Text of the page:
Are you considering the possibility of taking your first step in your musical journey? Perhaps you're a seasoned musician and want to try the ʻukulele, or you already play it and want to get another one. Whatever the case, look no further! In this short guide, we'll go over what to look for, how to determine your priorities for your ʻukulele, and how to use those priorities to guide you through your decision. Let's begin!
Comfort vs. Tone
There are three main sizes* of ʻukulele which all have the same tuning**, but differ in comfort and tone. The three sizes are as follows, from smallest to largest:
- Soprano (AKA Standard) - smallest
- Concert (AKA Alto) - mid-size
- Tenor - largest
- shorter neck, smaller body, more comfortable for
people with smaller hands and stature
- less frets, smaller frets
- mid-size neck and body, best if soprano is too small, good for children to grow
into, decent for guitar players
- more frets, wider frets
- comfortable for most hand sizes
- larger neck and body, best choice for guitar players, good for larger hands and
stature, typical choice for professionals
- widest frets, easier to play high notes
- can be comfortable for all hand sizes
- brighter tone
- clearer/louder high end
- softer/restricted mids and lows
- deeper tone
- clear highs and mids
- louder/more crisp low end
- deepest, most full tone
- clear highs and mids
- deepest lows
I recommend starting with the size(s) that is most comfortable, then let the tone be the tie-breaker. Once you establish the size you prefer, then look in that size for the rest of the criteria below.
*Baritone is larger than the tenor size, but is traditionally tuned to the highest four strings of the guitar at D, G, B, E from top to bottom; so chords and notes are much more related to a regular guitar than ʻukulele
**Standard tuning for soprano, concert, and tenor is G, C, E, A from top to bottom, all in the fourth octave; same as the guitar's highest four strings in 5th position, with the fourth string traditionally tuned an octave higher
2. How it's Made
Imports vs. Hand-Made
Imported ʻukulele are machine-made, and usually use more cost-effective materials and building methods. The few imports that are hand-made are usually considered to be comparable to local, hand-made instruments, depending on the builder.
- machine made = durable
- good value
Hand-made ʻukulele are generally made in Hawaiʻi and the continental U.S. by professional luthiers, whether they work in brand-name factories or are independent builders.
- higher-quality materials
- hand-made = better sound
- higher-quality craftsmanship
Laminated vs. Solid Wood
Laminated wood is much more cost-effective for manufacturers. It resembles plywood, but is much thinner, and will typically have a softwood as the middle layer (i.e. spruce or cedar, often used as a tone/top wood on solid-wood and solid-top instruments).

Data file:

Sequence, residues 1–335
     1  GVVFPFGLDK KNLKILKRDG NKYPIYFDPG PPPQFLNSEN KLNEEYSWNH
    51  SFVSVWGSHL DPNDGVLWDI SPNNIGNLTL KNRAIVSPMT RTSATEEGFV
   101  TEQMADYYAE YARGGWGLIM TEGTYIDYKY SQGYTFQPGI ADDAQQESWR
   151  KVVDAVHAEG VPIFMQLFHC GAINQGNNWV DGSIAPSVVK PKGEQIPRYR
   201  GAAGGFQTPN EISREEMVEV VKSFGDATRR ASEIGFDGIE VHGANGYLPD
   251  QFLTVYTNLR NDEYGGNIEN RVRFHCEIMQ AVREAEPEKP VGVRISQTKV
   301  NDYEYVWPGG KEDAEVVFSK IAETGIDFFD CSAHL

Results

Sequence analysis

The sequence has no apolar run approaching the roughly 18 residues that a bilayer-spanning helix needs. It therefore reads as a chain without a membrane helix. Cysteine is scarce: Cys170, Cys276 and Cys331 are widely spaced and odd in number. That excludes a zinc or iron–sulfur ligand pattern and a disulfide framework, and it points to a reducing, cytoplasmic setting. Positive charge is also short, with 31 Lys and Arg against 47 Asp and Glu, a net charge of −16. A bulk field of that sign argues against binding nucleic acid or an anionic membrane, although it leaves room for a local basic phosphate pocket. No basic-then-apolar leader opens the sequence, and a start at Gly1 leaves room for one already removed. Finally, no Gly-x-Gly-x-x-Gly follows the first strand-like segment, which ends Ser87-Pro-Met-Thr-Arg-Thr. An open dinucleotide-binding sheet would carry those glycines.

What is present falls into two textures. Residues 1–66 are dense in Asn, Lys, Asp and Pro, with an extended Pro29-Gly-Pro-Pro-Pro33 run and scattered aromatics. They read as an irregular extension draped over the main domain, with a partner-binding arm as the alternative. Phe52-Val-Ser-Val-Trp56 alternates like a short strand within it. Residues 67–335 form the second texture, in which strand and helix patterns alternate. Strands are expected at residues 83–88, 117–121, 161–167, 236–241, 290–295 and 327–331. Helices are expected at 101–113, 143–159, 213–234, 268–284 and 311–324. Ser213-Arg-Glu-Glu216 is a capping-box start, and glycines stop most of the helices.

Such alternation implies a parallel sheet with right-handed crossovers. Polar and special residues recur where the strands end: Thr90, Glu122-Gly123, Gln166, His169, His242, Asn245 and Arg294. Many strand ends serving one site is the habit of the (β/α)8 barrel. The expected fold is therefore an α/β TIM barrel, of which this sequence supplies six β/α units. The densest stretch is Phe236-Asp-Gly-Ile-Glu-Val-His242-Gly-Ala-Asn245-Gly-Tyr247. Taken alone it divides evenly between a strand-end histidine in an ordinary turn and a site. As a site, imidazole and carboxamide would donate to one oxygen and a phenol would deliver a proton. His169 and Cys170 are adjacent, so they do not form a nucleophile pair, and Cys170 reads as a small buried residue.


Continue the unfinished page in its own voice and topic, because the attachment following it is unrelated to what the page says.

- decent initial sound
Solid wood is considered higher quality and is king in the instrument world. There is only one layer of wood for the body, and is preferred by musicians and luthiers alike. It costs more, but you get what you pay for.
- higher quality
- better initial sound
- sounds better with age
Satin vs. Gloss
Satin finish is sometimes called a "matte" or "natural" finish. It tends to have less layers than gloss, and usually doesn't have a reflective surface.
- more natural feel
- natural aesthetic
- less-restricted sound (more volume and/or sustain)
Gloss finish, as well as paint finish, tends to have a more reflective and transparent surface.
- more detail in wood
- slightly restricted sound (less punch, slightly softer/sweeter sound)
- more protection from the elements
Volume and Sustain
Volume is defined as the loudness of sound and is measured in decibels. "Soft" and "loud" are two common words used to describe volume.
What to Look For
- decide whether you want a louder or softer ʻukulele
- "louder" is not always "better"
Sustain refers to the length of time that a note lasts from the time it is played to the time it can no longer be heard. The longer the note lasts, the more sustain the instrument has.
What to Look For
- decide if you would like more or less sustain
- sustain and volume usually work opposite each other: more sustain = less volume
*this is not always the case
In the end, it's always best to try an instrument before buying it. Here at ʻUkulele Puapua, we like to have you try an instrument, listen to your response to the way it sounds and feels, and make recommendations accordingly. Now that you are better prepared to walk through this process yourself, we wish you the best in finding the best ʻukulele for yourself. Share this blog if it helped, and come and visit us if you're looking to buy an ʻukulele! We always enjoy helping people through this process.